Monday, April 24, 2023


 24 April 2023: Here we are at the end of April wondering where has the time gone! Before we know it will be full on Summer and the year will be half done! I am still wondering what happened to 2022! This week's post comes from NBC (in Connecticut) and caught us quite by surprise. Who could have imagined this! But there it is. 


Commercial divers find wreckage of early 1900s submarine off Long Island Sound

The Defender, an early submarine rejected by the U.S. Navy, wasn't exactly an A-list object of desire for global shipwreck hunters, but it was for Richard Simon.

Simon, 35, grew up diving along the Long Island, New York, coast, hearing tales of the oddball vessel from the early 1900s, and wondering about its whereabouts. On Sunday, Simon led a volunteer team of divers that put hands on the sunken submarine off Long Island Sound, he said.


It may have been the Defender's first human contact since it was abandoned by the Army Corps of Engineers 77 years ago, according to a statement from Simon's firm, Shoreline Diving Services of Coventry, Connecticut.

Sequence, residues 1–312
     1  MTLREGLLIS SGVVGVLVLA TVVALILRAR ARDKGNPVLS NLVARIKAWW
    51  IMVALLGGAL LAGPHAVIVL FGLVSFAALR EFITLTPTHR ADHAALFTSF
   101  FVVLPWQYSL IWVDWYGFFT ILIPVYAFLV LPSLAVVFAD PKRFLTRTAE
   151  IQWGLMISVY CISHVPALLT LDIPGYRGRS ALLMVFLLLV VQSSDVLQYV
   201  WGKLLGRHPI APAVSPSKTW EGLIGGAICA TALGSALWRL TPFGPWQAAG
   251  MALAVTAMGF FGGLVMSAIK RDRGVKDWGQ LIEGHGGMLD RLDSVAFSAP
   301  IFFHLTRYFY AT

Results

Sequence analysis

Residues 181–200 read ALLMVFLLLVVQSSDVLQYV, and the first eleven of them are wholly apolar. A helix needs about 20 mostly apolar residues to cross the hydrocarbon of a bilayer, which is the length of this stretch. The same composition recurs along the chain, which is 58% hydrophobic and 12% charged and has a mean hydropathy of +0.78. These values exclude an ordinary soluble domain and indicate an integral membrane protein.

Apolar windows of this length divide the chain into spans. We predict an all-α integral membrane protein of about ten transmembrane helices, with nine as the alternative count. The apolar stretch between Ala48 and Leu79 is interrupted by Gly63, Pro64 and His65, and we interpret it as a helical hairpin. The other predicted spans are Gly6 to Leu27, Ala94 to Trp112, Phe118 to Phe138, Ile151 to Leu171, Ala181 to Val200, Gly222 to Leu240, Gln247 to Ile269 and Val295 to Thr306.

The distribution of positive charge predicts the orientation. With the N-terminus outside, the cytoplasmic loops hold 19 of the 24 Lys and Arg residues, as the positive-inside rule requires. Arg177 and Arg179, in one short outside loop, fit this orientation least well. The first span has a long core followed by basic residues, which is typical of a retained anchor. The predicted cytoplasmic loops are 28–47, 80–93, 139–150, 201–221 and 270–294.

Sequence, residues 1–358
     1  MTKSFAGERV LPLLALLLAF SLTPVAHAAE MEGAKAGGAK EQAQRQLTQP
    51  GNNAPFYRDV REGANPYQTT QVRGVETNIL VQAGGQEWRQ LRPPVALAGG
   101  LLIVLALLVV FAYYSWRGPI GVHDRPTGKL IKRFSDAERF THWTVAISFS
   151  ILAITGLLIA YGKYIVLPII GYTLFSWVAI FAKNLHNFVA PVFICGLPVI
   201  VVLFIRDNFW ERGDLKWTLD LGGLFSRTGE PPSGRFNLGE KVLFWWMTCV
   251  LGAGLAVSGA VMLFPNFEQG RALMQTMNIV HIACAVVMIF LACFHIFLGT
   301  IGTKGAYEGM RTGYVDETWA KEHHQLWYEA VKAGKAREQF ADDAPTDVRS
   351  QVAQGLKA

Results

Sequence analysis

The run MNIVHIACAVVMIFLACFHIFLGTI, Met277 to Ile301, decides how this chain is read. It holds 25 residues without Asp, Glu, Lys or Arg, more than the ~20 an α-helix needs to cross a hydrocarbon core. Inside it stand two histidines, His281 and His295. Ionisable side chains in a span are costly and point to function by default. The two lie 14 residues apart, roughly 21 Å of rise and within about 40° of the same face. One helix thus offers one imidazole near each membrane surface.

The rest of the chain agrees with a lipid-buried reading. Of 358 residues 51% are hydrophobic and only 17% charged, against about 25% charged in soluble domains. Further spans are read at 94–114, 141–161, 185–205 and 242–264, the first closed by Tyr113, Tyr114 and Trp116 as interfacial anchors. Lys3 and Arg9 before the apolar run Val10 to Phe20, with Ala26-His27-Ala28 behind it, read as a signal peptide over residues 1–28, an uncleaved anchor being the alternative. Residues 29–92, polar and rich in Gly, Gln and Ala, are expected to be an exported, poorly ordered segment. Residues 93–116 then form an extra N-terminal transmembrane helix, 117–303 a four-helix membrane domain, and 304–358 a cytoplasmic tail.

“We discovered something hiding in plain sight,” he said.

While acknowledging it was no Titanic, Simon noted the vessel's role as a step in the evolution of American submarines in the decades before they would become crucial to some U.S. military victories on the high seas.

Its maker was Simon Lake, the grandson of one of the founders of Atlantic City, and a fan of Jules Verne and his epic, "Twenty Thousand Leagues Under The Sea," according to the Submarine Force Library and Museum Association.

The Defender was described by the U.S. Navy as "experimental." It was overshadowed by the USS Holland, John Philip Holland’s vessel that is widely said to be the U.S. Navy’s first modern submarine.

After the Defender's launch, Lake registered new inventions, such as the periscope and foils used to keep submarines level as they descended and ascended, Simon said.

Many of Lake's New Jersey-built submarines from the early 1900s were intended for and rejected by the U.S. Navy. It wasn't until 1911 that the U.S. Navy purchased one of his creations, according to the Naval History and Heritage Command.